College House
College House
College House

College House

A quintessential example of Warren and Mahoney’s unique brand of ‘well-mannered modernism’, this residential hall is reminiscent of both the English university tradition and Christchurch’s Gothic heritage. Nearly forty years on, trees have matured but the quadrangles have not lost their power to silence the observer on arrival; the project is often visited by travelling architects.

Now reverted to its original name, College House, the complex was an ideal brief for architects working in the brutalist period of the modern movement; form must derive from function, so if new ways of arranging familiar functions could be devised, new forms would emerge.

The Anglican hall of residence is built as a series of discrete buildings around a quadrangle. Eight residential blocks (consisting of 120 bedroom/studies) and a chapel are set to the long sides of the quad, with entry, dining, staff, kitchen, social rooms and library at the ends. Instead of the usual bed/studies either side of a corridor, they are grouped about staircases, five to a floor on three floors to form sets, all facing north. Lavatory blocks, with tanks on top, became separate tower blocks.

Rather than being scattered about the wide open site in the then standard manner, the eight sets are tightly grouped either side of a quadrangle and boardwalk. The dining hall closes one end of the quadrangle and the library the other, with the chapel projecting across the boardwalk and dominating the composition. The space enclosed by the buildings became the college.

The brutalist building technique of load-bearing concrete block with 600mm-deep concrete beams, from door head to floor level, developed in Warren and Mahoney’s earlier work was used to give a unifying and domestic scale. Three principal elements of the college, the dining hall, the later chapel, and the library, are all double-height volumes with both the chapel and library lifted to the first floor on bases of service rooms. To give these three distinctive shapes further emphasis they were each given distinguishing M-shaped copper-clad roofs.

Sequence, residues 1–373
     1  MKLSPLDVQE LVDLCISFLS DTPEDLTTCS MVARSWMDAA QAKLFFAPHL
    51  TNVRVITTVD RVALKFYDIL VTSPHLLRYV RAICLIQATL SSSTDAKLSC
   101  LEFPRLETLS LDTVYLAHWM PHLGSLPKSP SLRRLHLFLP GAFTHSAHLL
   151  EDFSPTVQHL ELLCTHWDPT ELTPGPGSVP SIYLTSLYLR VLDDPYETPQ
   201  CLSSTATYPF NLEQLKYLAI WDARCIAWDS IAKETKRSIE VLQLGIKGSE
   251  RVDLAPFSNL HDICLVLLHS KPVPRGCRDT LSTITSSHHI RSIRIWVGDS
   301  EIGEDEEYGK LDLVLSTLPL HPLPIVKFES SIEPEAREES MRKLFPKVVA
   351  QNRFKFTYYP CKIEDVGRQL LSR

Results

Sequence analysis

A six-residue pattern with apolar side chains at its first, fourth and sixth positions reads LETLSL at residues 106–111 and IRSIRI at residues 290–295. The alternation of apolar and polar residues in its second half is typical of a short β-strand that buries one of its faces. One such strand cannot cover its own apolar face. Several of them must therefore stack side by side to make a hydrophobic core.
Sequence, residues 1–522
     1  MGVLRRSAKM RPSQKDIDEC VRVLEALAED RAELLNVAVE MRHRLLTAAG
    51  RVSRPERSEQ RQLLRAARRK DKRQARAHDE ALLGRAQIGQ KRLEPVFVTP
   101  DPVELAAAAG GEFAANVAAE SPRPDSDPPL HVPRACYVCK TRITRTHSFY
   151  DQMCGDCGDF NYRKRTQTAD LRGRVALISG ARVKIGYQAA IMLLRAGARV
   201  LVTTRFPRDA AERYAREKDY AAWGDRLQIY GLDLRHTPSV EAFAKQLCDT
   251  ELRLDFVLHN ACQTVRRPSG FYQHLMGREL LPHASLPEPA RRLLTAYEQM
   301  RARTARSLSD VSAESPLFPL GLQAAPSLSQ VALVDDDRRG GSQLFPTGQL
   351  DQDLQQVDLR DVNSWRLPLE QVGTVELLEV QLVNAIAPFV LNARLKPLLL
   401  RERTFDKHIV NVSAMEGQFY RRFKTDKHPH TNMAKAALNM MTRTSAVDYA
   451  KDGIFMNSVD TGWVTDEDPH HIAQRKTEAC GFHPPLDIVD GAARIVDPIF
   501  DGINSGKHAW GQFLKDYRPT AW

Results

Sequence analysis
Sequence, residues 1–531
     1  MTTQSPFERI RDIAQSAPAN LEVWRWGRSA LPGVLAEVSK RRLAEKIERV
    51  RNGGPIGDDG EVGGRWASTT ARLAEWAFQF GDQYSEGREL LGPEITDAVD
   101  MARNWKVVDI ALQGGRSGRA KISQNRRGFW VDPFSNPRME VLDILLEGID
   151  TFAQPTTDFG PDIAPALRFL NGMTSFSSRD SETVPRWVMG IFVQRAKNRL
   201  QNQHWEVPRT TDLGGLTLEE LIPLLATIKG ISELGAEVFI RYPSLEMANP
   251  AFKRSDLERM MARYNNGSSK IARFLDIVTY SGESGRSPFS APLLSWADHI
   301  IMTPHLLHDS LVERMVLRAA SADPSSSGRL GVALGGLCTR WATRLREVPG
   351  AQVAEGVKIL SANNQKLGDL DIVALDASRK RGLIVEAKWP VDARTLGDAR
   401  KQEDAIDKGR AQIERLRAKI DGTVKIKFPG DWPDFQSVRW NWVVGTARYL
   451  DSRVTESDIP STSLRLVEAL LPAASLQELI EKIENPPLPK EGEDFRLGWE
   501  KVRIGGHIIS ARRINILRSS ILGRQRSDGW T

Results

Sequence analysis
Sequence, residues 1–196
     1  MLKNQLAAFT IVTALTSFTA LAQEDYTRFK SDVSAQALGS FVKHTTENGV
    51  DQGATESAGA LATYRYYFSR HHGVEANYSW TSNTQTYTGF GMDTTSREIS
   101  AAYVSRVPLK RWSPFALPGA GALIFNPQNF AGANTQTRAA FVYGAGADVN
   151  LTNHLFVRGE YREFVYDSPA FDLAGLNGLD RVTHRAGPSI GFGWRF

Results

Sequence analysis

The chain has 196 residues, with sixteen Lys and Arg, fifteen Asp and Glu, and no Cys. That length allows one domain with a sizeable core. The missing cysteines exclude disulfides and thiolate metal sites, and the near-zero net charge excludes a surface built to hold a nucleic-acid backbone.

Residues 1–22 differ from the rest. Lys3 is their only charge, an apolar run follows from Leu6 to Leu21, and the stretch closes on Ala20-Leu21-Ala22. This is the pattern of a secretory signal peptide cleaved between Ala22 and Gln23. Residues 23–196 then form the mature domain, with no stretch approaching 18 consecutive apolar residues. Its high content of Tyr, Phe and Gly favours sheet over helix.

Elaborate wooden trusses, rafters and the boarding of the M-shaped roofs (deliberate expressions of carpentry bravura) were exposed internally and contrasted with the plain concrete-block walls.

The chapel remains one of the most memorable spaces the practice has produced, a seemingly effortless display of scale, materials and treatment of light, all achieved within a unique and dramatic formal composition.

 “My overriding impression of College House is that of the layering and organisation of the place. From the five and fifteen groupings of the houses to the different communalities of the quadrangle and the dining room, the organisation is clear, integral and very architectural. A place of order not a place of rules. Easy to live in and appropriate. Like all good architecture, you have to be there. Thoroughly thought out, impeccably massed, organised and detailed. Consummate.” 

Malcolm Walker / Architecture New Zealand/ July-Aug 1999

Form must derive from function.

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